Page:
For the most part the South Fork of Mule Canyon runs west-northwest for most of its course, with no real side canyons to speak of. At about 1.8 miles, there is a small draw on the north cliff face that can be used to access the mesa top between North and South forks, and can be used as a route to get to North Fork if one desires a loop or backpacking trip. The canyon bottom is flat, with very little of the steep arroyo cutting that marks Grand Gulch. The hiking is very easy, and the trail quite simple to follow, until about 3 miles from the trailhead. The trail deteriorates quickly then, and most turn back here. This is the figure I used to calculate the round-trip distance. In the spring there is often a flowing stream at the canyon bottom, and there are also seasonal springs up on some of the terraces of the canyon. Check with the Kane Gulch Ranger Station for the latest water information, though - the canyon is generally dry during the summer except for flash floods.

Mileage can quickly add up exploring ledges and such for Anasazi traces. The canyon has a fair amount of ruins and rock art, so the pursuit of such will not be in vain. One famous ruin in South Fork of Mule Canyon is Flaming Roof, or House on Fire, Ruin. This cliff dwelling, from the late 1200's, is well preserved and not a far hike from the trailhead. In fact, a quick hike to the canyon rim from the Mule Canyon Road Ruins shows the location of Flaming Roof quite well. I won't give away the specifics, though - discovery is half the fun, and its not terribly hard besides.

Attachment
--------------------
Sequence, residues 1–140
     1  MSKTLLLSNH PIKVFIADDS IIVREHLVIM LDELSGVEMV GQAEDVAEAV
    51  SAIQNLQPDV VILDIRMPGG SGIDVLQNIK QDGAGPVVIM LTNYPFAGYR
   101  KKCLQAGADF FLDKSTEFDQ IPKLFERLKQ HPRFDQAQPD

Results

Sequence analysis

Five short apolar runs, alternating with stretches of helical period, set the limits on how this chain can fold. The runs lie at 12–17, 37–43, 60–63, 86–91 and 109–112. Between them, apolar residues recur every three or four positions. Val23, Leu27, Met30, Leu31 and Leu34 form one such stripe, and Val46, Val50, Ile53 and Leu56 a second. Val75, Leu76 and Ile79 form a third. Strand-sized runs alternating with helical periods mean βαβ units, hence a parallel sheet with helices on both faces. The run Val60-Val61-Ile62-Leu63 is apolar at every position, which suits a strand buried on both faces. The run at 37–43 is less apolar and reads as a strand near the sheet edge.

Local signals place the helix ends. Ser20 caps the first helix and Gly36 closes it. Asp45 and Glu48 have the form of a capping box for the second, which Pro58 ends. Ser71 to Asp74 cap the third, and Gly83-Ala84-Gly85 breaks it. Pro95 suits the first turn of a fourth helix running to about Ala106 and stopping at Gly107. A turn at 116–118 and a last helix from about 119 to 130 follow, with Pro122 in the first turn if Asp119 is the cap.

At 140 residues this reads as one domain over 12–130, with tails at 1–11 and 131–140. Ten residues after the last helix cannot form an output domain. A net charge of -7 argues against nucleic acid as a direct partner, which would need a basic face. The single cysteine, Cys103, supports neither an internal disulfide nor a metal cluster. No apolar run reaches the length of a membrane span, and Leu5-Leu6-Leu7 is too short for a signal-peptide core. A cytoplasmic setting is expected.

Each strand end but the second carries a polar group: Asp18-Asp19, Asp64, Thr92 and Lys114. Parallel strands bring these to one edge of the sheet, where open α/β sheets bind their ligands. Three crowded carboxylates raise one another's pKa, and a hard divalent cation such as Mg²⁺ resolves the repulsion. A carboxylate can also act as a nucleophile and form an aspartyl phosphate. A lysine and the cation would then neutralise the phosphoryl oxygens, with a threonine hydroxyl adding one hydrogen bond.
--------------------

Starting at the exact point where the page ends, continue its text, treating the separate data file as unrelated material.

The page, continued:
Lots of other ruins await the explorer in Mule Canyon. Once you have explored what you feel is enough, or have gone to the end of the trail, you return to your vehicle by the same route you came.

PaleoRob
    WARNING! Hiking and outdoor related sports can be dangerous. Be responsible and prepare for the trip. Study the area you are entering and plan accordingly. Dress for the current and unexpected weather changes. Take plenty of water. Never go alone. Make an itinerary with your plan(s), route(s), destination(s) and expected return time. Give your itinerary to trusted family and/or friends.

    Permit $$
    BLM


    Directions
    Map Drive
    or
    Road
    FR / Dirt Road / Gravel - Car Okay

    To hike
    From Blanding, Utah, drive west on Utah Route 95. Once you pass through the pass at Comb Ridge, you will drop into a valley, and then begin driving up the side of Cedar Mesa. A few miles from when you start driving up Cedar Mesa, you will see a sign for the Mule Canyon Ruins. The easiest was to find the Arch Canyon Road, leading to the trailhead, is to turn around in the parking lot for the Mule Canyon Ruins, and proceed back east on Route 95 for 1/4 mile. The turn will be on the north side of the road. After crossing a cattle guard, there will be a map and BLM information, along with a fee envelope station. You can pay your fee here on the off season. View external link above for more details. There is no fee or permit needed for camping on the mesa tops. During the on-season (Spring and Fall), you will need to call ahead to the BLM office in Monticello, Utah.

    From the fee kiosk, continue down the dirt road, through a road cut to a dirt fill "bridge" across a canyon. The first such that you come to is the South Fork of Mule Canyon. Park your vehicle as far to the right as possible. The trail starts on the left side of the road.